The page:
A Colorado manufacturer of cannabis-infused edible products is suing the Marijuana Enforcement Division (MED) of the Colorado Department of Revenue (CDOR) to challenge the validity of recent revisions to its inventory tracking regulations.

In issue is the regulatory requirement for Colorado marijuana licensees to use radio frequency identification (RFID) tags supplied, for a fee, by the vendor Metrc LLC as a condition of participation in the MED’s mandatory cannabis inventory track-and-trace system. Adopted in November 2023 and effective since January 8, the contested revisions to the Colorado Marijuana Rules replace many (but not all) prior references to RFID with “Inventory Tracking System.” According to a statement issued by MED in December 2023, the change is intended to “allow[] for broader consideration of options beyond the RFID-based technology that has been historically required” in Colorado when the state solicits bids for the successor to Metrc’s existing vendor contract, which does not expire until 2026. In the interim, however, licensees must continue to use RFID tags supplied by Metrc, which charges licensees $0.25 for each package RFID tag, and $0.45 for each plant RFID tag.

In its lawsuit against the MED, Lifestyle Foods, Inc., doing business as Ripple, contends that it spends $1,400 per month for the required RFID tags supplied by Metrc, which is not named as a defendant in the lawsuit. Ripple argues that Colorado’s track-and-trace system does not need RFID tags to operate effectively and challenges the requirement that it pay Metrc for the RFID tags as violating the Colorado Administrative Procedures Act (APA), as well as principles of due process under the Colorado and U.S. constitutions.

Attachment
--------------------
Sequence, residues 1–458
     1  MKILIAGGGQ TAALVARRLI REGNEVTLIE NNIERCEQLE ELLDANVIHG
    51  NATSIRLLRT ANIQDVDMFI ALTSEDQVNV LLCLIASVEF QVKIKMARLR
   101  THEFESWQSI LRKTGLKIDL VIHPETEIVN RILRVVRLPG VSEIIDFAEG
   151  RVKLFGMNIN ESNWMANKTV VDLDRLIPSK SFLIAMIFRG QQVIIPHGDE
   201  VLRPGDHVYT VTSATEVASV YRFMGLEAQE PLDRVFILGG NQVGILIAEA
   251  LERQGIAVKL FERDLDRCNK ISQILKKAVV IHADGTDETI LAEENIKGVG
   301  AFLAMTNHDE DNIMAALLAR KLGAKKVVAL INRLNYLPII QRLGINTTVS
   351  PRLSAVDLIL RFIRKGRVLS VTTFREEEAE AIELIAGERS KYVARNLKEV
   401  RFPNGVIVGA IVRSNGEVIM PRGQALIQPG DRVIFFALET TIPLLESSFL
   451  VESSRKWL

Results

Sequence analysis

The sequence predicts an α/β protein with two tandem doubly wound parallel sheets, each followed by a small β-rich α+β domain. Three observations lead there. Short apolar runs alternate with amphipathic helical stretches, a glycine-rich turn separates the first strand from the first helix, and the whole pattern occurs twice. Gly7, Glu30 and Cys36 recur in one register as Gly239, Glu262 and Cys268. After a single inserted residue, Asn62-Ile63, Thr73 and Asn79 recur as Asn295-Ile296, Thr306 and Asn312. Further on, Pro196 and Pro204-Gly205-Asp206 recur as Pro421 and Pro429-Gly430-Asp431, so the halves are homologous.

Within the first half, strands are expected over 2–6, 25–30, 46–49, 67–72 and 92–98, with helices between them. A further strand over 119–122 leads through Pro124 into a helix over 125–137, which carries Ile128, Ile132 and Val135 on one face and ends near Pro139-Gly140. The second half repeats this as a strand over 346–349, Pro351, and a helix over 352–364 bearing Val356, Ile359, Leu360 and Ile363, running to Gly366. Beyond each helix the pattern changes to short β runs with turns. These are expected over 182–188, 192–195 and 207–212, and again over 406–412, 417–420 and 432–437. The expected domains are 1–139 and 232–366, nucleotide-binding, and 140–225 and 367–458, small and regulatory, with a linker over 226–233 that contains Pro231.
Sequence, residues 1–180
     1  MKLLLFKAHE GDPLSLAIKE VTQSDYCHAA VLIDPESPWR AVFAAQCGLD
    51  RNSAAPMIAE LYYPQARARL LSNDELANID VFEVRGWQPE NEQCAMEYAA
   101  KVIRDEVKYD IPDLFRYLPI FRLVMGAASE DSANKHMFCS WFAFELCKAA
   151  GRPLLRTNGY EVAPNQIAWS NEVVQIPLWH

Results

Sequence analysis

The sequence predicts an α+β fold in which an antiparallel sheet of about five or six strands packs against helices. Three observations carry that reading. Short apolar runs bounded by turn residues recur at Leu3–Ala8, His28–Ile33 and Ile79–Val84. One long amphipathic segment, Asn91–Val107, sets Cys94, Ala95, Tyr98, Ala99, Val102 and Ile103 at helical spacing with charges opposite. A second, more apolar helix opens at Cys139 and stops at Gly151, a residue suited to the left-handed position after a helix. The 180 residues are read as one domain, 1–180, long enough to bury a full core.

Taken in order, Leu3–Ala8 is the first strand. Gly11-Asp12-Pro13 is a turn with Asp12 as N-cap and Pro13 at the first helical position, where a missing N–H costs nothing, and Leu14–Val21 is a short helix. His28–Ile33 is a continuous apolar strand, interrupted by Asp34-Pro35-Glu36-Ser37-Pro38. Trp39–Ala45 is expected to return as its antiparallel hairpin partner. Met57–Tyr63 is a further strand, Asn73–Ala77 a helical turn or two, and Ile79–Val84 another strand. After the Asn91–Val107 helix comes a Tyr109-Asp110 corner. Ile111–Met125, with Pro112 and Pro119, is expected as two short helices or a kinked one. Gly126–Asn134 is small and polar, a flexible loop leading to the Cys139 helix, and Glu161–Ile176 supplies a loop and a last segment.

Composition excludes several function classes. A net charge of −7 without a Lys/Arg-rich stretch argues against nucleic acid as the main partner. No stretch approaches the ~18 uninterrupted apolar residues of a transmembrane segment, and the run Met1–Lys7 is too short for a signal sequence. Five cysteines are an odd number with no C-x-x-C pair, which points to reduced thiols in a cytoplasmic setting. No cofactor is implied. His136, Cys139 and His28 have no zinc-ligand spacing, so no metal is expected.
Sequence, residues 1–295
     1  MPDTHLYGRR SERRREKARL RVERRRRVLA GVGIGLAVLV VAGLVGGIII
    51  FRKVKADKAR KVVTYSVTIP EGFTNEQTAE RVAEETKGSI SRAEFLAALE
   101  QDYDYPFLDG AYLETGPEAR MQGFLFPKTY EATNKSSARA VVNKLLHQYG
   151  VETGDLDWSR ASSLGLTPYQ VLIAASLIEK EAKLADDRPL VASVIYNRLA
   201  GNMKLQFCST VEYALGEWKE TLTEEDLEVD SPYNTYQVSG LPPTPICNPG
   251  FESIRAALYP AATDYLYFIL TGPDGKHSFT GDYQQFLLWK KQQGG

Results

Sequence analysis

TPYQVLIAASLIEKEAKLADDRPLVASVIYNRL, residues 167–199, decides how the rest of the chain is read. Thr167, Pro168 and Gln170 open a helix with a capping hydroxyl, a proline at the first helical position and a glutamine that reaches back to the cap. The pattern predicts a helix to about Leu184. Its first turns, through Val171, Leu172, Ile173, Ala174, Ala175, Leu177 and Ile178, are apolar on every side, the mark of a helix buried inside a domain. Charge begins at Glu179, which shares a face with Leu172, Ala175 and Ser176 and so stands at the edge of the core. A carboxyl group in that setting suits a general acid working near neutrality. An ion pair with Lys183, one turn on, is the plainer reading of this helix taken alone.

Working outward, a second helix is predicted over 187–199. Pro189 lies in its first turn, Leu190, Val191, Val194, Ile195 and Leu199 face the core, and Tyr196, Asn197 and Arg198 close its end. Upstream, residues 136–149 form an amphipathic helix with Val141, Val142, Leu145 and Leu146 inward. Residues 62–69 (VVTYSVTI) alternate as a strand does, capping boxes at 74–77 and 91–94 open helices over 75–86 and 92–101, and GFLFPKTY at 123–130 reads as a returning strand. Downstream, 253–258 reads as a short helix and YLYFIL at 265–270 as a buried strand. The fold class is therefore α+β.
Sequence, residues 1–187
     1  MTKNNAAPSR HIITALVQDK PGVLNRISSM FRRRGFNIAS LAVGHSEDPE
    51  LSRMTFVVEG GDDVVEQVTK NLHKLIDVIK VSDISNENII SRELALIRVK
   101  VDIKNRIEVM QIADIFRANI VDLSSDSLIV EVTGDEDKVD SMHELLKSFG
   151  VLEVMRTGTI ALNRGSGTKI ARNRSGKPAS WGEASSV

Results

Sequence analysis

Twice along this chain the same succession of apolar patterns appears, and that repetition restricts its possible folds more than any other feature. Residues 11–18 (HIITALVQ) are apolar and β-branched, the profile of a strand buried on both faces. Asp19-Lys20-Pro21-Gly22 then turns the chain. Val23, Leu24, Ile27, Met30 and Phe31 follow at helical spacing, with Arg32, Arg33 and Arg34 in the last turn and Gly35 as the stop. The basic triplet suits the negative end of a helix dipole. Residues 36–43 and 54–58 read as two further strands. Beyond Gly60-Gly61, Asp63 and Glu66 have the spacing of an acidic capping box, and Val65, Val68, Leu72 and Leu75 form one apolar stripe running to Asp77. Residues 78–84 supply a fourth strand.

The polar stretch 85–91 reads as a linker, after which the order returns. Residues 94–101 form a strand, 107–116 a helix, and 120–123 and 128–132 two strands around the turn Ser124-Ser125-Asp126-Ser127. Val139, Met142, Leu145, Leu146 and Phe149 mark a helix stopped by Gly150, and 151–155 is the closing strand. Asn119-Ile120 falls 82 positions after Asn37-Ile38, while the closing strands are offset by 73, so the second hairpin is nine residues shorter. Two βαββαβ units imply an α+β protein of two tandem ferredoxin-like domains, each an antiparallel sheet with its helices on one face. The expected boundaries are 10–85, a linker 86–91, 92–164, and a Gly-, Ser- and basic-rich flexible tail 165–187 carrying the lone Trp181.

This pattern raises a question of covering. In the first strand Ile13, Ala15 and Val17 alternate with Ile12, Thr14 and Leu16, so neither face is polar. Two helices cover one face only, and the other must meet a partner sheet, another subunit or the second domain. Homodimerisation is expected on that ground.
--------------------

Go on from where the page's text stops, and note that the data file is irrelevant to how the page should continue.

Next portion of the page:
With respect to the APA claim, Ripple argues that the payment of state-mandated fees to Metrc violates C.R.S. § 44-10-802, which requires that “[e]xcept as otherwise provided, all fees and fines provided for by this article 10 shall be paid to [CDOR], which shall transmit the fees to the state treasurer.”

With respect to the constitutional claims, Ripple contends that two of Metrc’s three state vendor contracts impose mandatory fees on licensed Colorado cannabis businesses who were denied due process of law because the contracts were not the result of a procurement process involving those licensees and the contracts were not the subject of an APA rulemaking process.

Filed on February 7, Ripple’s lawsuit asks the Denver District Court (a state trial court) to find that the MED lacks statutory authority “to directly divert RFID fees to Metrc” and violated the due process rights of its licensees because of its Colorado APA violations. Ripple further asks the court to “[a]ffirm” that the amended Colorado Marijuana Rules eliminate the requirement for licensees to use RFID tags, “direct MED to provide for non-RFID tags at a rate approved by a MED Final Order”, and “[e]njoin MED from requiring RFID tags as part of the track and trace system until such time as the infirmities identified herein are corrected.”

MED is represented by the Colorado Attorney General’s Office, which has yet to respond to the suit.

Why It Matters

Ripple’s lawsuit is yet another illustration of the fact that while RFID inventory tracking technology brings advantages, its mandated adoption in the cannabis industry has sparked controversy.

Our Cannabis Practice provides advice on issues related to applicable federal and state law. Marijuana remains an illegal controlled substance under federal law.